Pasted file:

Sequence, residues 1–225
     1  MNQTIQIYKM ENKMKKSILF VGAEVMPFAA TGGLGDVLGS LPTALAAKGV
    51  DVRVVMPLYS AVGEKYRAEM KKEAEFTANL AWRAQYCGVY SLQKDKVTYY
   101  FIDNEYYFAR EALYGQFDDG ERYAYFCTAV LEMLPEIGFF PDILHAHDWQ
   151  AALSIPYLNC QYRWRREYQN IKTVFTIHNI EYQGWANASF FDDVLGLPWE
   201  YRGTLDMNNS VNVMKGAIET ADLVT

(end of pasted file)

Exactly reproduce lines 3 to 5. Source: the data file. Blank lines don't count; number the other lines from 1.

    51  DVRVVMPLYS AVGEKYRAEM KKEAEFTANL AWRAQYCGVY SLQKDKVTYY
   101  FIDNEYYFAR EALYGQFDDG ERYAYFCTAV LEMLPEIGFF PDILHAHDWQ
   151  AALSIPYLNC QYRWRREYQN IKTVFTIHNI EYQGWANASF FDDVLGLPWE